Community 'Cue

The tradition of open-pit barbecues in Texas predates the Civil War.

The all-you-eat barbecue was nine dollars for adults and half that for children. We carried our plates to a table inside the air-conditioned dance hall and sat down to eat while a guitar-and-accordion duo serenaded us. A band called The Lazy Farmers played polkas and waltzes in a pavilion outside while we waited in line for our food. Later on, a German singing society called the Houston Sängerbund was scheduled to perform.

Dessert was a selection of homemade cakes, pies, cobblers, brownies and the like for 50 cents a slice. My five-year-old put a dollar on the cake wheel and won a strawberry cake with cream cheese icing on her first try. Of course, she immediately wanted to do it again. (Try explaining the evils of gambling to a 5-year-old with a strawberry cake in her hands.) The kids wanted to hang around for the auction so we could bid on the exotic chickens that were up for sale, but we went home shortly after lunch.

The Millheim Father's Day Barbecue is a fundraiser for the preservation of the dance hall. There are similar community barbecue fund-raisers in the other old German dance halls in Austin County as well as a few volunteer fire departments and churches. But the barbecue crews are so short on volunteers, they have combined forces. The crew that cooked the barbecue at Millheim includes volunteers from the Peters, Cat Springs and Industry barbecues. The same crew will rotate to all six community barbecues this year.

The meat is turned by placing an empty metal basket on top of a loaded one and flipping both.
Eric Sauseda
The meat is turned by placing an empty metal basket on top of a loaded one and flipping both.
The Grawunder boys make the barbecue "gravy." (From right:) James Grawunder has been cooking here for 58 years, his nephew Tom and sons Ray and James Jr. help out.
Eric Sauseda
The Grawunder boys make the barbecue "gravy." (From right:) James Grawunder has been cooking here for 58 years, his nephew Tom and sons Ray and James Jr. help out.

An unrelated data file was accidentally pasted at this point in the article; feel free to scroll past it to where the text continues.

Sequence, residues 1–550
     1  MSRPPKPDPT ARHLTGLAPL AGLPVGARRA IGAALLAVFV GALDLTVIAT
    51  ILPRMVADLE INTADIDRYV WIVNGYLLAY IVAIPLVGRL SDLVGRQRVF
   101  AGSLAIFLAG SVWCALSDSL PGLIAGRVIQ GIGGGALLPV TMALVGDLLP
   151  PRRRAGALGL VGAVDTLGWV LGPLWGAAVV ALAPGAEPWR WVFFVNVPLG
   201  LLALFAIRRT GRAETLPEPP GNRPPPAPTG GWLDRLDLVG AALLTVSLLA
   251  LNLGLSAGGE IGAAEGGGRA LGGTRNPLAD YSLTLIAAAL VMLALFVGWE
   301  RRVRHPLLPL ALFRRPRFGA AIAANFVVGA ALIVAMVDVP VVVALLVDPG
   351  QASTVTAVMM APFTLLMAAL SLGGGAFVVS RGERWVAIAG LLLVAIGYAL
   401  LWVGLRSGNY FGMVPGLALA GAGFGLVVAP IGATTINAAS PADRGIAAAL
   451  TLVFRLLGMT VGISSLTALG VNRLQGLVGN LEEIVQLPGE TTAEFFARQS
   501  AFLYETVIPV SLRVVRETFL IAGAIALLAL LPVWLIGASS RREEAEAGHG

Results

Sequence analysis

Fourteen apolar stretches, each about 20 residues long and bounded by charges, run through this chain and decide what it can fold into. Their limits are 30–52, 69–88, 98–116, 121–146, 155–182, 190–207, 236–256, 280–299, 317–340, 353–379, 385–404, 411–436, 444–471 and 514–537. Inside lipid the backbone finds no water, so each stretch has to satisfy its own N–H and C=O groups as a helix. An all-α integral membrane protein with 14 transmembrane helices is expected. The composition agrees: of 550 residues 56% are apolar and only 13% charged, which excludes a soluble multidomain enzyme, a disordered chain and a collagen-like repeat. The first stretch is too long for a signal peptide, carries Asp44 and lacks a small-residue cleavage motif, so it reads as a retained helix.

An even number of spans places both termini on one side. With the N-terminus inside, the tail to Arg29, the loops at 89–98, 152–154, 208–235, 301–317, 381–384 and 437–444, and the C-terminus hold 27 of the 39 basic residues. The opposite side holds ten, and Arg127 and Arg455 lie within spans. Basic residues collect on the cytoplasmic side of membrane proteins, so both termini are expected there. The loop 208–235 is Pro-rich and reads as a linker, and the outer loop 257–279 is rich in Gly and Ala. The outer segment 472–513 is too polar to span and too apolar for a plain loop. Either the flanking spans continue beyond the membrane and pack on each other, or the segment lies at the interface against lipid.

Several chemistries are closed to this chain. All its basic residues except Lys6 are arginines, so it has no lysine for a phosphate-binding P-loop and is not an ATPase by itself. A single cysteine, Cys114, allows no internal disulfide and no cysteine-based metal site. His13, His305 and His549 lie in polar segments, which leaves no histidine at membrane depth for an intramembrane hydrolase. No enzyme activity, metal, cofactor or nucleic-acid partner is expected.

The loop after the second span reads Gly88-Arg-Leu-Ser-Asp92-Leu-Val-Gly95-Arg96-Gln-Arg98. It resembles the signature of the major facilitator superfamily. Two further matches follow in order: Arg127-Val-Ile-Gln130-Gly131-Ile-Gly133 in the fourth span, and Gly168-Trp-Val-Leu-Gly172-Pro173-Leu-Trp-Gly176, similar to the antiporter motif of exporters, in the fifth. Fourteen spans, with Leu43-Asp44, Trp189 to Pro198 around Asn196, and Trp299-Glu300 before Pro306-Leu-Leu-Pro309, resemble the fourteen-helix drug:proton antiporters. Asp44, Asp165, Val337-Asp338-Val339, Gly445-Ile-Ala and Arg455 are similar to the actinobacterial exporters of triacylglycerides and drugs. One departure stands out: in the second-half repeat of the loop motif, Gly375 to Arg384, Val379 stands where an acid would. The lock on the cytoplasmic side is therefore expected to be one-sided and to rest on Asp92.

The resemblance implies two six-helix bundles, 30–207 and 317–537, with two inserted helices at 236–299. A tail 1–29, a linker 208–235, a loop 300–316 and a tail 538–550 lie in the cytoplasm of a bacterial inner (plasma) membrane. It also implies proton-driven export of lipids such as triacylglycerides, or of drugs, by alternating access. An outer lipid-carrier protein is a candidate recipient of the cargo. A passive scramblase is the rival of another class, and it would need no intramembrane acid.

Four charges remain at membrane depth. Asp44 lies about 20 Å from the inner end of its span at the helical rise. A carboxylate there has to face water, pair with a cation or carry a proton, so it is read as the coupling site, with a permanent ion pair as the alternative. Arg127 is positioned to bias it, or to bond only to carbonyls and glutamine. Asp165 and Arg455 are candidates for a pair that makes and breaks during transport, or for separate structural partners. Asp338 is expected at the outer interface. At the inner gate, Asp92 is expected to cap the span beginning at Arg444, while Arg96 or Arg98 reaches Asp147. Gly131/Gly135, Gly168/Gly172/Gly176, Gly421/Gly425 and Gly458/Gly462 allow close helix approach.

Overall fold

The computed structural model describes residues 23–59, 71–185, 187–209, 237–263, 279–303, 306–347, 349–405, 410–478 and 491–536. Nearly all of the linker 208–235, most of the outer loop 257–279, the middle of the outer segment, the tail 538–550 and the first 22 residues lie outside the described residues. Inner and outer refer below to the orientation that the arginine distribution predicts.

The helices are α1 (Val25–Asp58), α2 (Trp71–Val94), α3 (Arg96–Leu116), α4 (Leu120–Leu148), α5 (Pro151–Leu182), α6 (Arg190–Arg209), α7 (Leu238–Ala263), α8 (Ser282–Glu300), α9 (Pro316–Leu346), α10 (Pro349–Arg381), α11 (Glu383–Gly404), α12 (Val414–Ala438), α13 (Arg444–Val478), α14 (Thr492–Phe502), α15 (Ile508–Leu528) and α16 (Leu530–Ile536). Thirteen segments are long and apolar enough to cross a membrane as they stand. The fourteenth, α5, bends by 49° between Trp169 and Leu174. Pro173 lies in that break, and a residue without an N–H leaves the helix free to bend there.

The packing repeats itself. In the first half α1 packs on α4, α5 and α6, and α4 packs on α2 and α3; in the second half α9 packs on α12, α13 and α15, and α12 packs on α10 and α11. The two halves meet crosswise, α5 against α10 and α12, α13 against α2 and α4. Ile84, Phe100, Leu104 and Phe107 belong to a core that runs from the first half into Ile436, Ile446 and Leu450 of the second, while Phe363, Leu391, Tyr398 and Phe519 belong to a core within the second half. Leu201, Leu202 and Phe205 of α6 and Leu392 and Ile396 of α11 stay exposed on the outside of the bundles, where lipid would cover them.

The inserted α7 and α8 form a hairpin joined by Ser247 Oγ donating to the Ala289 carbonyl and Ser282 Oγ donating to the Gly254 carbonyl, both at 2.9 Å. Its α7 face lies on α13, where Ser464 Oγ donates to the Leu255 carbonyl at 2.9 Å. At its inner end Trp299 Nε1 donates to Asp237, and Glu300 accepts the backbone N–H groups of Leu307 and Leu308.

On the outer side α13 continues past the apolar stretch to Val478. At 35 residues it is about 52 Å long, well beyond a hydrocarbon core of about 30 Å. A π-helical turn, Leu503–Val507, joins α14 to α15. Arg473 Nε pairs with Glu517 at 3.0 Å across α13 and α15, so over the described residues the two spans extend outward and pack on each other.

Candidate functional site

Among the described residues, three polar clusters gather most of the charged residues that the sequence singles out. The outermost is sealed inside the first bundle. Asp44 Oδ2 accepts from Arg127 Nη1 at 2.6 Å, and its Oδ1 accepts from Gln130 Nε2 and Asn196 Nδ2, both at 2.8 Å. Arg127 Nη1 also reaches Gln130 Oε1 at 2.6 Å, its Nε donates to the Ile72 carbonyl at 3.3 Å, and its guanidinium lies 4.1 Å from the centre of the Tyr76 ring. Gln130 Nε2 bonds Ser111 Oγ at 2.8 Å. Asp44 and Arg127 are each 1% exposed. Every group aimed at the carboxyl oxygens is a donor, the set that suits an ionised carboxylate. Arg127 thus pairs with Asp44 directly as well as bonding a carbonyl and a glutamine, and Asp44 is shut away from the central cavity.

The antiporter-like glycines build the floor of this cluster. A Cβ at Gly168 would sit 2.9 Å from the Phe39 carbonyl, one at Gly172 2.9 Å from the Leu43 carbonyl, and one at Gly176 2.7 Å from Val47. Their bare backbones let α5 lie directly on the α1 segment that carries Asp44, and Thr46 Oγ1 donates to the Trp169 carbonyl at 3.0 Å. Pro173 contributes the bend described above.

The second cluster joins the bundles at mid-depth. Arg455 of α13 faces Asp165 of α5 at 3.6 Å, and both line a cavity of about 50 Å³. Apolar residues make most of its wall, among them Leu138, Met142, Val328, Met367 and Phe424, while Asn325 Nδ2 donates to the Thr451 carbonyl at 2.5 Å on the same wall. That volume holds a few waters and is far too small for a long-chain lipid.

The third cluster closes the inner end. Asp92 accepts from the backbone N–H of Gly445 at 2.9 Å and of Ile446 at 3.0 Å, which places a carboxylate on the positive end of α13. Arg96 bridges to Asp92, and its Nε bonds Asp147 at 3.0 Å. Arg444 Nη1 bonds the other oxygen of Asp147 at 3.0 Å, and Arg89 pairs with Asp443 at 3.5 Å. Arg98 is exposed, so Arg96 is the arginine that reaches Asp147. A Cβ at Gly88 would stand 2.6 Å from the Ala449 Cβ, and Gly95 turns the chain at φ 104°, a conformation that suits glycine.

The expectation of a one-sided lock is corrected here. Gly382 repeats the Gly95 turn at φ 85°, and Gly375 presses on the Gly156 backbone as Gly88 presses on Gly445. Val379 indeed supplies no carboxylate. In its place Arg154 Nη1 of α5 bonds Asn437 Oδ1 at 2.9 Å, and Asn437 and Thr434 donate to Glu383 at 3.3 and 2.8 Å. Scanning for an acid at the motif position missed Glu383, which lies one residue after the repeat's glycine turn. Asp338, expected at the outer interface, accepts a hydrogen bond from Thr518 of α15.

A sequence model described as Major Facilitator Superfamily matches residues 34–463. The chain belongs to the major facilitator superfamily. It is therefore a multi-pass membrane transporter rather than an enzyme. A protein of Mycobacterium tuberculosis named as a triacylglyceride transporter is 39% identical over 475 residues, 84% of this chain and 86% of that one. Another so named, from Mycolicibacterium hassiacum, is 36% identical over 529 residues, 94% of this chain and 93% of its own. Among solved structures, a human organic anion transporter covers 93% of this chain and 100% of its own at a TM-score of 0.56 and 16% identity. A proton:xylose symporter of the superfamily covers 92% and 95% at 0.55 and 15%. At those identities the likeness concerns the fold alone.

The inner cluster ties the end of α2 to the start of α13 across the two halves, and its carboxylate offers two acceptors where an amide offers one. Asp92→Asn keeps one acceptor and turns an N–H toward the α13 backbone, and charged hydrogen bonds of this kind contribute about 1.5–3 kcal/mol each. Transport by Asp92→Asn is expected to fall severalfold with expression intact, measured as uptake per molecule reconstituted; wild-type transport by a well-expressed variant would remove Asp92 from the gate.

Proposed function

While community barbecues are plentiful, the old Southern barbecue tradition in the Brazos Valley may not last much longer. If you want to see and taste barbecue as it once was, you'd better do it soon. Check the "Community Barbecue Calendar" on the Web site ZenBBQ.com, where I've gathered information on upcoming community barbecues and information on how to volunteer.

Out by the cooking kettles where the barbecue sauce and beans were being transferred to serving pans, I asked head honcho James Grawunder if I could come and peel onions next year. "Sure you can — but you better not show up in those 'city pants,'" he said loudly while pointing at my shorts. The crew members, attired in blue jeans and boots to protect themselves from the hot coals, got a laugh out of that. They were mostly country boys from the local fire departments and county highway department, but there were black and Hispanic volunteers and a couple of younger guys in the group, and I didn't get the impression new blood wouldn't be welcome.

"We are always looking for new volunteers," Joseph Jez told me. The bearded Jez does his part to keep the tradition of community barbecue alive — he's the head of the volunteer crew at the Annual Mother's Day Barbecue in Peters, and he also helps out at the Annual Fridek Grotto celebration at St. Mary's, the Czech Catholic Church in Sealy.

There used to be a lot more community barbecues in Austin County, he said, but many of the old halls and lodges and fraternal organizations are closed now. "If we don't get more young people involved," Jez said, "the tradition is going to die out."

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